Have you ever walked into the kitchen to get something, only to have your mind forget what? Or left the grocery store with everything on your mental list except the one thing you really needed for dinner?
Every day, we encounter the limitations of our working memory.
When your kids forget to brush their teeth or turn in their homework (that is sitting completed in their backpack), they are facing the same challenge. The answer is not lecturing, bribing, or berating; it’s helping kids understand their working memory and then build routines and workarounds to address its inherent limits.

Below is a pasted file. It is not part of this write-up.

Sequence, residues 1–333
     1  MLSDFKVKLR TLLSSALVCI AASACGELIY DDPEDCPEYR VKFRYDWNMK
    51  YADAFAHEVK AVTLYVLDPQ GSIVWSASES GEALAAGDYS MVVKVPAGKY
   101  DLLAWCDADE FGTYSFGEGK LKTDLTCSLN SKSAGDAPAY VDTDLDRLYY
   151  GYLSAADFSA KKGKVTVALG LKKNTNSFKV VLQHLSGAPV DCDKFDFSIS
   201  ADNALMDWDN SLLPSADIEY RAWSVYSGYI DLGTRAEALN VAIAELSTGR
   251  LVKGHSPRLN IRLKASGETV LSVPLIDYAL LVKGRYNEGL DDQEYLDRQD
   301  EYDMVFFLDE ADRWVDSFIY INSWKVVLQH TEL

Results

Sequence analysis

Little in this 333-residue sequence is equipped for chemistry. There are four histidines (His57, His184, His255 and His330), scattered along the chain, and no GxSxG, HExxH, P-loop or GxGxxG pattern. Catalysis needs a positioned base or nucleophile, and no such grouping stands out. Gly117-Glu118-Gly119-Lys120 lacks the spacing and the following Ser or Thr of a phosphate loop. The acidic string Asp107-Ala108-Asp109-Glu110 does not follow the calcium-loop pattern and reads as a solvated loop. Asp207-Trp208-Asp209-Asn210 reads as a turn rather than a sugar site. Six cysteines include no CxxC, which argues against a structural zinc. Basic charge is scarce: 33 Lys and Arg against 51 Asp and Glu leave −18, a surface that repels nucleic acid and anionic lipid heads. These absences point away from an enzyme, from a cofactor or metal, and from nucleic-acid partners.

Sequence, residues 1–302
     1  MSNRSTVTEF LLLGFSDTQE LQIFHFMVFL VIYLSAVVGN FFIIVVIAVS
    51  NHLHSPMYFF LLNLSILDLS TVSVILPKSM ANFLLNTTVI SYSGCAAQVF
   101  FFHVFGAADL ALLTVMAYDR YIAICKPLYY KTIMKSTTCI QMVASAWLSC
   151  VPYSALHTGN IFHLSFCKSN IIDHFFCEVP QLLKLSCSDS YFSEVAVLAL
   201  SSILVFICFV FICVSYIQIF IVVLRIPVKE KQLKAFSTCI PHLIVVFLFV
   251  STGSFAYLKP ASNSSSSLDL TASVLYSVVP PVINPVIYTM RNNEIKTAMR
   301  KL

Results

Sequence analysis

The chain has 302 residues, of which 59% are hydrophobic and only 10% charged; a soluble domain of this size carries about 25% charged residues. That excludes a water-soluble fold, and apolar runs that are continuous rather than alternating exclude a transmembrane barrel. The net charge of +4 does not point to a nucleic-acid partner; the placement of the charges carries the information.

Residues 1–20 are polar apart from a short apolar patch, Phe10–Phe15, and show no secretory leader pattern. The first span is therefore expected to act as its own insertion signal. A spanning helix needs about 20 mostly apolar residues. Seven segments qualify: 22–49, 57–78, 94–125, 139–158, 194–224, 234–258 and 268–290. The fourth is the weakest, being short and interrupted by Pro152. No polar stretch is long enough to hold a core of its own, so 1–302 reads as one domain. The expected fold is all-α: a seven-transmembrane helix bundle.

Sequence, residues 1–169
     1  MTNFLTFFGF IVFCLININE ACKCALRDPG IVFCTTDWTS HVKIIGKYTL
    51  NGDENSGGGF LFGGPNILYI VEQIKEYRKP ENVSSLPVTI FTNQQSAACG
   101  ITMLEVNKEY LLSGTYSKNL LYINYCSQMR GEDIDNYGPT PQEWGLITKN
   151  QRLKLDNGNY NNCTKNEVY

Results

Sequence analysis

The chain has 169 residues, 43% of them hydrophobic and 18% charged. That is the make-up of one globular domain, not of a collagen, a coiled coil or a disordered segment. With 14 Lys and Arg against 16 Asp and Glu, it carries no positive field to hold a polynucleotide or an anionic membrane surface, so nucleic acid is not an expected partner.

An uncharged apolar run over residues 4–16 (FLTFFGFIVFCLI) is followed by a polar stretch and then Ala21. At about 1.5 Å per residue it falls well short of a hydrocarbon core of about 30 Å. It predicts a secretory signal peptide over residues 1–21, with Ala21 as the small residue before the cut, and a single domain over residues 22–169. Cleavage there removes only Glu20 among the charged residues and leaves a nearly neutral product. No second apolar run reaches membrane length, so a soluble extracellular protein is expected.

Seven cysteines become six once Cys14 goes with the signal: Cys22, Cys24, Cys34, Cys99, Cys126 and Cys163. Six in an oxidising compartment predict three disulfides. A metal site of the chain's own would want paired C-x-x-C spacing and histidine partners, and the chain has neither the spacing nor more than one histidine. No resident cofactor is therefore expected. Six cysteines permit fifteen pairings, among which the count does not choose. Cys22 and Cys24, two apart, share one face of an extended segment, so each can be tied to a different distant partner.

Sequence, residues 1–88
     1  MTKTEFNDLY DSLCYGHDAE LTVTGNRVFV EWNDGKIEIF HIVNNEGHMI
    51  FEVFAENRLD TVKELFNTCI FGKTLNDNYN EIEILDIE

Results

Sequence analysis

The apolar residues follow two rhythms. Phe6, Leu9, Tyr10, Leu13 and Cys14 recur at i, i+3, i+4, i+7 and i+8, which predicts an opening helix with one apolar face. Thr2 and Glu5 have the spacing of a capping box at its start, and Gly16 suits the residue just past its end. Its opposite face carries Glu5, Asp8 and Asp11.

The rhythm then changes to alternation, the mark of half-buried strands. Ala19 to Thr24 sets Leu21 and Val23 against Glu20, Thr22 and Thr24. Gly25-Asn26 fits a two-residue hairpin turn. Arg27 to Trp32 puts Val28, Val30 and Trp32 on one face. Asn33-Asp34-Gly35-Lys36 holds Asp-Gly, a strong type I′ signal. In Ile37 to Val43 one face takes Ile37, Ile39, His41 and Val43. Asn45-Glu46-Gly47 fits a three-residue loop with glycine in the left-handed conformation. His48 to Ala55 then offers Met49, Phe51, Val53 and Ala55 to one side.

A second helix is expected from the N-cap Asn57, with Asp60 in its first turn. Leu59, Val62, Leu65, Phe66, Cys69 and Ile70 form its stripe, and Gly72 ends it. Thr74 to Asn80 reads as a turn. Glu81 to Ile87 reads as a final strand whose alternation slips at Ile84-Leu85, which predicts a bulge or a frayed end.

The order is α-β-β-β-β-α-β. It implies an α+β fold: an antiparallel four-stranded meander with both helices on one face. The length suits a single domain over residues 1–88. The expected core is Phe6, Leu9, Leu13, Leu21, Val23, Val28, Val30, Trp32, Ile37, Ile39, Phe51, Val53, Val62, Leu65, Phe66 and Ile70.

What is Working Memory?
Working memory is basically a temporary holding area for our thoughts while we are using them. It’s also where we hold new information that comes at us — data that may or may not eventually find its way into our long-term memory.
Barbara Oakley, author of “Learning How to Learn: How to Succeed in School Without Spending All Your Time Studying” describes working memory as an octopus sitting in our prefrontal cortex, juggling a set of balls. It can hold about four “balls” at once before they start dropping. As she told me in…